|Jack Ganssle's Blog
This is Jack's outlet for thoughts about designing and programming embedded systems. It's a complement to my bi-weekly newsletter The Embedded Muse. Contact me at email@example.com. I'm an old-timer engineer who still finds the field endlessly fascinating (bio).
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Review - Marvelous Magnetic Machines
April 16, 2021
I have reviewed a couple of books by Pete Friedrichs. He's a smart and clever tinkerer who comes up with innovative ways to build things that most of us would never make. Want to make a radio from scratch… including the components like variable capacitors? How about the vacuum tubes? He's got you covered. More info on his first two books is here.
His latest is Marvelous Magnetic Machines, subtitled Building Model Electric Motors from Scrap. It's all about building small electric motors using found materials. As in his other books, Pete provides step-by-step instructions. Nothing is left out.
Why would you want to make a motor when it's so easy to buy one? Well, why would anyone engage in any hobby? I like astronomy, but the images in my backyard telescope are mere smudges compared to Hubble's art. There's a certain joy in doing things yourself.
(Interestingly, in this pandemic year it seems hobbies are the rage. Many vendors of the stuff we buy to entertain ourselves, for instance telescopes, are backordered months. Demand is very strong. I wonder if these hobbies will persist post-virus. I hope it does. Pete's use of found materials means motor makers won't be delayed by out-of-stock components.)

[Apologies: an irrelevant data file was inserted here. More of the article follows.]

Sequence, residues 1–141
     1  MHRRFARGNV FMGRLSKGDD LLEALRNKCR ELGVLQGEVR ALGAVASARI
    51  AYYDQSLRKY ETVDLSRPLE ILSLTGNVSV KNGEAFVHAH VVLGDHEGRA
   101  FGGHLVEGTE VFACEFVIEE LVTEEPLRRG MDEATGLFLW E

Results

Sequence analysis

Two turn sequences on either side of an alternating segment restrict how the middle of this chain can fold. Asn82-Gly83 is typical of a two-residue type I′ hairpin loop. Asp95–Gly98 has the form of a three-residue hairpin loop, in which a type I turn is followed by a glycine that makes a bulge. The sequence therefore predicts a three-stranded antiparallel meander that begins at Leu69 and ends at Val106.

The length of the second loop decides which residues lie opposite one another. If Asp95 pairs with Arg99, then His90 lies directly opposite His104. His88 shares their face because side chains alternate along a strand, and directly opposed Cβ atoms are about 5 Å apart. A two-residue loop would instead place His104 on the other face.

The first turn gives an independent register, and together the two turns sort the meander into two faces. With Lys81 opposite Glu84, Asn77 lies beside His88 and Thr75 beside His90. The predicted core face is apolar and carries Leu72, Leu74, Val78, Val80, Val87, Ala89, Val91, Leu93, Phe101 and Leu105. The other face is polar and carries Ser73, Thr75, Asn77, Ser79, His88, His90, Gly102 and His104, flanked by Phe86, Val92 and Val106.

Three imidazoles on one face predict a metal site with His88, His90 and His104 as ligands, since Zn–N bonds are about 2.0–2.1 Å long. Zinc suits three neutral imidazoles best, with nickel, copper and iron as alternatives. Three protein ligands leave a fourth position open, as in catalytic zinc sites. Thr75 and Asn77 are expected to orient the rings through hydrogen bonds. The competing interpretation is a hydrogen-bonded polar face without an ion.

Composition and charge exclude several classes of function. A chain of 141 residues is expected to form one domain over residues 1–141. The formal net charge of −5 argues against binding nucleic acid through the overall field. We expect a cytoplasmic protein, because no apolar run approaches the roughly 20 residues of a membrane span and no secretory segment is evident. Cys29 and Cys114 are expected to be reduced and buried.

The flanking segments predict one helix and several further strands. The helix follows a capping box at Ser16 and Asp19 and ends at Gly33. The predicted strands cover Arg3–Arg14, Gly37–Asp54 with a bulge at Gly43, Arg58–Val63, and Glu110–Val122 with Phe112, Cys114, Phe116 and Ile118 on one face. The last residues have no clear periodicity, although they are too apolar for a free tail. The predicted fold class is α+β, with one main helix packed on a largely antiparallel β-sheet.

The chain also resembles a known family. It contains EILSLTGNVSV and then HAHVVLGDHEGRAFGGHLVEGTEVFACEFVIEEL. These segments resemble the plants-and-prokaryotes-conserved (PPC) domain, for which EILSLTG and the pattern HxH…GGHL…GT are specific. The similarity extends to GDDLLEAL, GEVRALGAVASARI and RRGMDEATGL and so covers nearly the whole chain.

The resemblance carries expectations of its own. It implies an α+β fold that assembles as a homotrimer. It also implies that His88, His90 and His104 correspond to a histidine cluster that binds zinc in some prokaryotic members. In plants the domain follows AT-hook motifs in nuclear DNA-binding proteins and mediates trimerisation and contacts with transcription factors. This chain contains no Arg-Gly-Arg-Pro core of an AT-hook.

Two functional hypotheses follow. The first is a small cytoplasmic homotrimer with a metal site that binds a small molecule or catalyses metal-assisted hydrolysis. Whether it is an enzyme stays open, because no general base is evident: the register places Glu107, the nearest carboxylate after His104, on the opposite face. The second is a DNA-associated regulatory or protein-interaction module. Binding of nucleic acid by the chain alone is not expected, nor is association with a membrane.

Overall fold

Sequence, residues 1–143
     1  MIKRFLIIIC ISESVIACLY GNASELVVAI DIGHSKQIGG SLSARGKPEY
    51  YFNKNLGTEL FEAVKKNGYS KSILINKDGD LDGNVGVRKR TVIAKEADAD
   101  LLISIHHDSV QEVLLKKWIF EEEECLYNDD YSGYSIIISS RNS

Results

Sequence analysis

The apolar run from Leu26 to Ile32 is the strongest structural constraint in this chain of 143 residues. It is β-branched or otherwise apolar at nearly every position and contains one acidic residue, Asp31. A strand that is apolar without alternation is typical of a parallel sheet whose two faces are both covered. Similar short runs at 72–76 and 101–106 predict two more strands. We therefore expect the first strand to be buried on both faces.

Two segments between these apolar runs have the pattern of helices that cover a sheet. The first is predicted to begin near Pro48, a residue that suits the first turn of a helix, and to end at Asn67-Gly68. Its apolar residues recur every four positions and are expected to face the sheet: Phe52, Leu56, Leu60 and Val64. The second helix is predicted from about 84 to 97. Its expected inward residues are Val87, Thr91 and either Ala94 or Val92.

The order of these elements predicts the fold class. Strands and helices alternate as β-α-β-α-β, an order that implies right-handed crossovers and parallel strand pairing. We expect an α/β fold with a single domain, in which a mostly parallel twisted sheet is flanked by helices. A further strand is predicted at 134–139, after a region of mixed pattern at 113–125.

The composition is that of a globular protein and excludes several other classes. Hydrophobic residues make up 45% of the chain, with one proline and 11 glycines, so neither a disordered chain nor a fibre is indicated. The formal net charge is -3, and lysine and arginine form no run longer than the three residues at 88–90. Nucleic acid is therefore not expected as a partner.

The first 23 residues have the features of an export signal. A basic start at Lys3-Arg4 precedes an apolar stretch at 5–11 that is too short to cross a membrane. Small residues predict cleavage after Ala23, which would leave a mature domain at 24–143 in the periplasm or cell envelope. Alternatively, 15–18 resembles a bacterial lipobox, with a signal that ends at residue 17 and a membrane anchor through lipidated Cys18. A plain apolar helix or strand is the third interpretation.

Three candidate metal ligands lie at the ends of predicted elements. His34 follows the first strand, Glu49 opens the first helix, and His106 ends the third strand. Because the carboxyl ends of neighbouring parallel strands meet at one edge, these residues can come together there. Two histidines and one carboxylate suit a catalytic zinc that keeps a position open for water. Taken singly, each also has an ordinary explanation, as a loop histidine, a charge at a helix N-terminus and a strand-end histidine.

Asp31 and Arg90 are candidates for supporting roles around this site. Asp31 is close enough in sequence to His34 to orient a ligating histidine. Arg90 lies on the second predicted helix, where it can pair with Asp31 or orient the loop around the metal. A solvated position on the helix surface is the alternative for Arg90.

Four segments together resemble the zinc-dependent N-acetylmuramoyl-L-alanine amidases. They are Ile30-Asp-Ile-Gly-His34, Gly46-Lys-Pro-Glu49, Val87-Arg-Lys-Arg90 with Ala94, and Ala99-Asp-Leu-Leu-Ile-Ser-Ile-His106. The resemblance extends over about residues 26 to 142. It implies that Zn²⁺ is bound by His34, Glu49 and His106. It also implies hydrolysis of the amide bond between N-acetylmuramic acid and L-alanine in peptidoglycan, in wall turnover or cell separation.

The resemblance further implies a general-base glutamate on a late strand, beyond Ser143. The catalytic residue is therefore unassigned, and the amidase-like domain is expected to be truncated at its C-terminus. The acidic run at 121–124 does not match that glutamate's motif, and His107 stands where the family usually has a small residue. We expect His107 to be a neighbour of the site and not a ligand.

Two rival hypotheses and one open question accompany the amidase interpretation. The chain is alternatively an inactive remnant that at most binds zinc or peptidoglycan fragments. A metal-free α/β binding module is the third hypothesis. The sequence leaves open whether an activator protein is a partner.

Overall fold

The book provides a good theoretical grounding in all aspects of this craft. Though EEs know this stuff, most people don't. Permeability, vectors, the right-hand rule and much more is covered in a very accessible way. Though you don't need to understand the physics those with curious minds will appreciate that they can learn from the book as well as build cool things.
And the motors are cool. Quirky. The Texas Motor has what looks like one of James Watt's walking beams. The Christmas Motor is shown turning a propellor, and its magnets are arrayed just like the cylinders on an old airplane's radial engines.
The book is richly illustrated with graphs, 3D drawings and many wonderful color photos.
The book ends with a compendium of parting thoughts that include how to use the sound port on a PC as an oscilloscope (with drawings of the needed cables), test equipment and even balancing your hand-crafted motors.
It's a fun volume that's an easy read. Recommended for those who like working with their hands.
Feel free to email me with comments.
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